Towards a DC Machine

In the basic machines material it was shown that rotating a pair of conductors in a constant magnetic field will produce an induced sinusoidal voltage. The electromagnetism review also showed how it is possible to create a constant magnetic field using direct current. There are two stages remaining before a dc machine can be produced:

  • Produce a steady voltage
  • Rectify the voltage to produce a direct, non-alternating, current

Consider the animation of a basic machine shown below. The structure of the machine is similar to that seen previously, but with some important modifications to direct the magnetic flux paths. The coil has now been placed on a rotating steel core, the rotor core, and the stationary steel core stator corehas been constructed with curved pole faces that are concentric with the path traced out by the conductors on the rotor. This creates a uniform distance between the stator and rotor surfaces, we can say that the air gap is constant. Due to the fact that the permeability of steel is much higher than air, we can assume that the flux lines will cross between the stator and rotor in the shortest path, i.e. perpendicular to both the rotor and stator surfaces.

Animation of a basdic machine
Fig. 1. Animation of a simple machine with curve pole faces

Assume that the magnetic flux flows from left to right. We can see that the flux leaves the steel core section on the left, through the rotor and into the core on the right. Each stator surface acts as a magnetic pole (N-pole on the left S-pole on the right). The flux is said to flow out of the north pole face and into the south pole face.

Summary

This section introduces the terminology of "rotor", "stator", "air gap" and "pole face". The design shows how we can utilize the permeability of steel to direct magnetic fields and create a system where the flux density, conductor motion and conductor alignment are mutually perpendicular.

Voltage and Torque in a Simple Machine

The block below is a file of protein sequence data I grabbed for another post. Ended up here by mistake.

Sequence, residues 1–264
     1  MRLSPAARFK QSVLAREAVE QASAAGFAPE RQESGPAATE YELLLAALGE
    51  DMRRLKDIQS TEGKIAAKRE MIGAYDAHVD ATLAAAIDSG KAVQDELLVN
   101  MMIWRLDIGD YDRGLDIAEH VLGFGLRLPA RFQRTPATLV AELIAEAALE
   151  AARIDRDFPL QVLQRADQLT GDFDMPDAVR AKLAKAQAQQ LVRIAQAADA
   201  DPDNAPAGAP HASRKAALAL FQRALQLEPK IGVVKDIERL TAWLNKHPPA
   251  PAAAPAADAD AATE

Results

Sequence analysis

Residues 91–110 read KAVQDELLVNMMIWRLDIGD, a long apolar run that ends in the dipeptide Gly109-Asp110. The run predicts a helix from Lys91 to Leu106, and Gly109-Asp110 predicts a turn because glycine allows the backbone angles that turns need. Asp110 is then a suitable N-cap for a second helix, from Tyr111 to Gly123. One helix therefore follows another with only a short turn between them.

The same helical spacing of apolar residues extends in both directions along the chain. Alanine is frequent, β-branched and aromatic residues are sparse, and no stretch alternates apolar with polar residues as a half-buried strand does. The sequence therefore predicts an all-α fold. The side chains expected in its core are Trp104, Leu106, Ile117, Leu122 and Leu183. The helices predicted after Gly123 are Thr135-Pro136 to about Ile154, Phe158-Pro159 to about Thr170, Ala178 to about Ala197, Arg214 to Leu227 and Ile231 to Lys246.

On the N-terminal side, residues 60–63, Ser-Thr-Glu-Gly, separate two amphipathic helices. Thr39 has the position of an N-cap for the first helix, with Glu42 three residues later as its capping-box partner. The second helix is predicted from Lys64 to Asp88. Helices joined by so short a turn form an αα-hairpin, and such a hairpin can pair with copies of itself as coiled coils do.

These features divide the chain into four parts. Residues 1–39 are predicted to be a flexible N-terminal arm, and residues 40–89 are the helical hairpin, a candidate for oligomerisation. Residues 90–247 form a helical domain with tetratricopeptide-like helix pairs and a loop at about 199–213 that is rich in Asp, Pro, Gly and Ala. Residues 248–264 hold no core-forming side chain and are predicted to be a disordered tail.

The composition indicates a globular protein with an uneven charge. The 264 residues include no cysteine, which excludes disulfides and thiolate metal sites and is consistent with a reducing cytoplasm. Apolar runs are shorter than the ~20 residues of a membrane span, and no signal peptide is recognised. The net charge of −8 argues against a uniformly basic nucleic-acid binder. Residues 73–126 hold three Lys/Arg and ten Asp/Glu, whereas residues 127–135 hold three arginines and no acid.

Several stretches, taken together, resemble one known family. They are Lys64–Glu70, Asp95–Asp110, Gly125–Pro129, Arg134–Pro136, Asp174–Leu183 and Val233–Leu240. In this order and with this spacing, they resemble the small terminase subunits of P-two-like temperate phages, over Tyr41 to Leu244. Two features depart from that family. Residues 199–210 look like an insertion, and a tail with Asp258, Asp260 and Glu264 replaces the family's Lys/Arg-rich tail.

The voltage induced in a loop formed by the conductors in the simple DC machine shown above can be obtained by considering the generator equations and the physical arrangement. The conductors on the rotor surface are arranged so that the conductor direction is perpendicular to both the direction of motion and the flux path. Therefore, when a conductor is under the pole face, it will be passing through a the uniform field at constant speed and the induced voltage will also be constant. If we define the length of the machine to be \(l\), then mathematically,

\[ e=(\vec{v} \times \vec{B}) \cdot l \]

becomes

\[ e=v B l \]

and with two conductors in series, the voltage induced in a loop is given by

\[ \begin{aligned} e =2vBl \quad & \text{under the pole face} \\ e =0 \quad & \text{elsewhere} \end{aligned} \]

Note that when we say "elsewhere", the voltage is zero when the conductors are in the small space between the pole faces, where the flux density is also zero. In addition, it is important to note that the flux density in the equations above is defined as the flux density in the air gap. This is not the same as the flux density in the stator or rotor cores, as the cross-section of the flux path changes as the flux moves between stator, air gap and rotor.

Now, if the speed of rotation is defined as \(v=r\omega\) then

\[ e=2rlB\omega \quad \text{under the pole face} \]

In the case of a simple machine, we saw that it can help to define voltage in terms of flux or flux linkage, rather than flux density. To calculate the total flux passing through the loop formed by the conductors, we must consider the flux that crosses the air gap. For a 2-pole machine, if we assume that the gap between the poles is negligible (the gaps at the top and bottom of the diagram) then the surface area of one pole can be written as

\[ \begin{aligned} A_{pole} & =\frac{2 \pi rl}{2} \\ A_{pole} & =\pi rl \\ \phi & = B\pi rl \end{aligned} \]

And for the simple 2-pole machine the volltge induced in one loop (formed by two conductors) is given by

\[ e = \frac{2}{\pi} \phi \omega \quad \text{under the pole face} \]

Torque

To calculate the torque developed when current flows through the conductors, we can consider the case when Now, a positive current flows into the positive voltage terminal and through the loop. This is the case when we have a motor (power flows from the electric circuit into the machine). Remember that torque is the cross product of the vector distance from a pivot with the force applied

\[ \tau=\vec{r} \times \vec{F} \]

and that force is given by

\[ \vec{F}=i(\vec{\ell} \times \vec{B}). \]

Due to the arrangement of the conductors, perpendicular to the air gap flux density, the torque produced by a single conductor is given by

\[ \tau=rliB \]

For 2 conductors we can find the total torque and follow the same procedure as for voltage:

\[ \begin{aligned} \tau=2rlBi \quad & \text{under the pole face} \\ \tau=\frac{2}{\pi} \phi i \quad & \text{under the pole face} \\ \tau=0 \quad & \text{elsewhere} \end{aligned} \]

Summary

This section derives the induced voltage in a single coil placed on a magnetic cylyinder, rotating in a system with a constant field and curved pole faces. An expression for the torque due to a current flowing in the same coil is also derived. These equations indicate that it is possible to design the system to produce constant voltage and torque, for the parts of the rotation when the coil is under a pole face.